What if licking a stamp could make you sick…
That might be an overstatement, but it gives some context to what it’s like to live every day with Celiac disease.
For most people gluten is just a protein in everyday foods, but for celiac sufferers gluten causes damage and discomfort. And while it’s most commonly found in wheat, rye and barley, gluten is also in products like vitamins, medicines and even the adhesive on stamps and envelopes.
Also known as celiac sprue, gluten enteropathy and gluten intolerance, celiac disease has likely been around since humans switched from a foraging diet of meat to a cultivated diet of grains, but it’s only been in the last 50 years that researchers have begun to understand the condition and how to manage it.
Celiac disease is a digestive disorder affecting the small intestine. Sufferers are unable to absorb the nutrients from foods they eat, resulting in malnutrition, decreased bone density and in some cases, cancer.
Damage occurs on the interior lining of the small intestine, which is made up of wrinkles called plicae and small finger-like protrusions called villi. The job of both the plicae and the villi is to increase the surface area of the intestinal wall and maximize the absorption of nutrients. When a Celiac sufferer eats foods containing gluten, their immune system responds by attacking the villi – damaging or even destroying them. Since the body itself causes the damage, celiac is classified as an autoimmune disease.
Celiac disease is genetic, passed through families. It can be present from birth, but it is often triggered by an event like surgery, pregnancy, childbirth, viral infection or even emotional stress. Outside of the genetics and triggering event, three factors that have been known to play a role in when and how celiac appears are the length of time the person was breastfed, the age they were when foods containing gluten were first eaten and the amount of gluten containing foods they are currently eating.
For some, the most difficult part of living with celiac disease is diagnosing it. People live symptom-free, while others may not know their symptoms are being caused by celiac. Crohn’s disease, irritable bowel syndrome and intestinal infections show similar symptoms, which can lead sufferers through a long period of trial and error treatments.
The most common symptoms are abdominal pain, bloating, chronic diarrhea, changes in weight and fatigue. All are centered in the digestive system, but celiac disease can also affect other areas of the body. Muscle cramps, joint pain, infertility, skin rashes, tooth enamel loss and seizures have also been noted in celiac patients and appear as a result of nutrient deficiencies.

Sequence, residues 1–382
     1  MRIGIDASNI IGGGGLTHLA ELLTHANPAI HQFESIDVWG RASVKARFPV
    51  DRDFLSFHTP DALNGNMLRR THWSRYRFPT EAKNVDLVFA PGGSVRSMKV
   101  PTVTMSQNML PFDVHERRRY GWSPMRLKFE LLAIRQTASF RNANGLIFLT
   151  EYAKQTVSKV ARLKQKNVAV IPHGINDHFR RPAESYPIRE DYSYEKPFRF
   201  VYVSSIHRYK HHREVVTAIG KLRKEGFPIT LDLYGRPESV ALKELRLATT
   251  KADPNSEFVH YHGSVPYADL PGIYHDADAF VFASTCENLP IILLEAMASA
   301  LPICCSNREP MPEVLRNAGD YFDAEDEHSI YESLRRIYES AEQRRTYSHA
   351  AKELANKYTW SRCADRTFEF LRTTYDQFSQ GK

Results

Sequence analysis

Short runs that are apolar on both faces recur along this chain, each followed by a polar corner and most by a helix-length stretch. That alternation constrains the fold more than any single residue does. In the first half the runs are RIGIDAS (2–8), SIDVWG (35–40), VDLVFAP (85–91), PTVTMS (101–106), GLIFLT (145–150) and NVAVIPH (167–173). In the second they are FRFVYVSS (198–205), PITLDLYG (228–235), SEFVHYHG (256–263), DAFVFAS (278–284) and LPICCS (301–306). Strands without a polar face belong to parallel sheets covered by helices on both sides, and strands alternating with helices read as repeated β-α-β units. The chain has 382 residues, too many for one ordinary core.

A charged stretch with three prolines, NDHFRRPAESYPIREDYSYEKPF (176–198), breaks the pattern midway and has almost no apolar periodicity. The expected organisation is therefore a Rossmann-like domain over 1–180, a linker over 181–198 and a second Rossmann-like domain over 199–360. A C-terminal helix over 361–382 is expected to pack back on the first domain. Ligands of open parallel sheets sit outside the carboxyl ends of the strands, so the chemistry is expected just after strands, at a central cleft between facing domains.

Some celiac sufferers exhibit an itchy blistering skin rash, called Dermatitis Herpetiformis, that is an external manifestation of the same disease.
It is generally a combination of a few common symptoms and the appearance of an unusual one that triggers medical professionals to suspect celiac.
A blood test can begin to diagnose celiac by measuring auto-antibodies. Those with the disease have increased levels of these protective proteins, produced by the immune system in response to the body’s own molecules or tissues. Screening is recommended for immediate family members of a celiac sufferer, as 5 to 15 percent will also have the disease.
If a blood test indicates that celiac is likely, a small bowel biopsy is then performed. A tiny piece of tissue is removed from the small intestine using a tube inserted through the mouth and down through the digestive system. The sample is checked for damage to the intestinal lining.
For people with Dermatitis Herpetiformis, different tests are used, as not all of them will also have damaged villi. A biopsy of a skin lesion and tissue stain is completed.
These tests provide a definitive diagnosis that can put a patient on the road to recovery. Unfortunately, there is no cure for celiac. Living with the disease means learning how to manage it through diet.